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Know Your Civil Servant - Leon Kabajani - Chief Legal Officer Ministry of Justice

2021-06-25  Staff Reporter

Know Your Civil Servant - Leon Kabajani - Chief Legal Officer Ministry of Justice
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‘Legal aid lawyers not incompetent’

One major complication in accessing justice in Namibia is the high cost of legal representation. To ensure equal access to justice and a fair trial, the Namibian government has a free legal aid programme for people who cannot afford private legal representation. 

The Directorate of Legal Aid in the Ministry of Justice has an army of state lawyers stationed in all the regions with the mandate to ensure and provide free legal advice and representation. 

The government provides free legal representation to ensure the majority of the poor are not deprived of a fair hearing.

Leon Kabajani is one of such legal aid counsel who is stationed at the Rundu Magistrate’s Court in the Kavango East region. 

He joined the Directorate of Legal Aid in 2012 after completing his law degree in 2011 at the University of Namibia (UNAM).

His roles and responsibilities as a chief legal officer “entail advising clients, consulting and taking instructions from clients as well as representing clients in criminal and civil matters in all courts in Namibia. 

“I also compile legal opinions for clients and management, as well as compile monthly and quarterly statistics to assist management in planning for the organisation’s goals and objectives.”

As any legal professional, his schedule is always full. “A typical day for me is walking into the office at 07:30, then sit in my spinney chair and open my diary to familiarise myself with the court roll for the day. I make one or two calls to clients who have matters coming on the day, and I walk into the criminal office to peruse the Namcis system (Namibia Courts Information System), get a printout of the day’s court roll and any orders, return to my office, consult briefly, and be in court by 9:00, after which I am in court until 13:00. 

“From lunch, I am back in court until court adjourns, after which I spend an hour in the office, making notes and preparing for the next day’s work. The rest of the work is carried home. Needless to say, no lawyer works from 8 to 5. As one wise man once said ‘when it comes to lawyers, sleep is a luxury. We work all the time”, he narrated.

Kabajani initially studied sociology and psychology at Unam, but his calling has always been law, in part due to his father’s persistence. 

“I was always passionate about the legal profession. However, since I did sciences, I wanted to be a marine biologist. But my dad knew better; it’s what he wanted for me. And growing up being naughty, it was easy for me to take to it, and I never looked back.”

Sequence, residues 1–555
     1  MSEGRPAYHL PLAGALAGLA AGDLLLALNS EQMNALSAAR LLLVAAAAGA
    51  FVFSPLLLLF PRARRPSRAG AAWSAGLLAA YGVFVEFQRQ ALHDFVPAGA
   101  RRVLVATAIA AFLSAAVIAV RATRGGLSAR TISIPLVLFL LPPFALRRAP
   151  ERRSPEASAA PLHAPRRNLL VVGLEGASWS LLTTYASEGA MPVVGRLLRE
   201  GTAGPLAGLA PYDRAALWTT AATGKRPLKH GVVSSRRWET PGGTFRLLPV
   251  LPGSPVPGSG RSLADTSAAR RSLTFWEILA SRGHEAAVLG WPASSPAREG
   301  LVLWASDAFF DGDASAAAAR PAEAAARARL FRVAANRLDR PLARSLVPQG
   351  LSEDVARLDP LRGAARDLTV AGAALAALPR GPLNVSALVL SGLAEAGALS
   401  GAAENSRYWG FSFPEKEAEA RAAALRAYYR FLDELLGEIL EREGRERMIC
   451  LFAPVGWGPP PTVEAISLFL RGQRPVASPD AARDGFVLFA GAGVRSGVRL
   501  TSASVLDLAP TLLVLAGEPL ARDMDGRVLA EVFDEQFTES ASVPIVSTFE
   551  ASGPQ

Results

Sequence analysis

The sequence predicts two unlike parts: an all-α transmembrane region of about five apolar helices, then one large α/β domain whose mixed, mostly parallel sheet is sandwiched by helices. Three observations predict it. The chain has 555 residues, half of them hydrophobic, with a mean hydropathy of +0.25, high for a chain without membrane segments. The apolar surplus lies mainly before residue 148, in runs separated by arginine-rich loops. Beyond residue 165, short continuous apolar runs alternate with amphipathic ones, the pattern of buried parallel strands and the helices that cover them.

Kabajani, who hails from the Zambezi region, came from a family of public servants.  

His late father, Kamwi Kabajani, was a former education director in the Kunene region, while his mother is a former school principal.  

On top of that, he is a nephew of the liberation struggle icon and national hero – the late Richard Kapelwa Kabajani. 

“Having grown up around a lot of civil servants, of whom there have been many in my family, it was indeed a dream of mine to join the ranks of the civil service. We, the Kabajanis, are patriotic people, who like serving the masses, and there is no greater platform than the public service,” he beamed. 

“The public service is unique in the sense that you are constantly exposed to different personalities and work environments. The experiences are enriching, and on top of that, job security is of the utmost importance.” 

Providing legal advice and representation to destitute litigants is what makes Kabajani’s job most satisfying. 

“The most satisfying thing about my job is sending fathers, mothers and children back to their families. To walk in town and just have people walk up to you and say thank you Mr Kabajani, even many years after having helped them, is just a blessing. To know I positively impacted so many lives is indeed satisfying,” he continued.

Kabajani stressed that “no two days are the same, no two cases are alike, and there is no uniformity when it comes to cases. Also, being a state lawyer, I have no say over which cases to take, and which ones to forego. The constant travelling is also somewhat of a challenge, but justice needs to be served.”

He is strongly against the notion that characterises legal aid lawyers as incompetent.

“That is a false narrative. Many legal aid clients now ask for in-house legal counsel as opposed to private counsel. I once had a case where two minor boys were charged with murder. The private counsel was more concerned with the finalisation of the matter than the actual result. He advised his client to plead guilty, the boy was 15, and has been serving a 20-year sentence since 2018. My client and I went to trial, and he got discharged. Not even acquitted, but discharged for lack of evidence. How private counsel did not see this, I don’t understand.”

As for now, Kabajani is satisfied with his contribution to the public service. “My role is of great importance to the public, and quite frankly, my conditions of service warrant that I stay on for a very long time to come.”


2021-06-25  Staff Reporter

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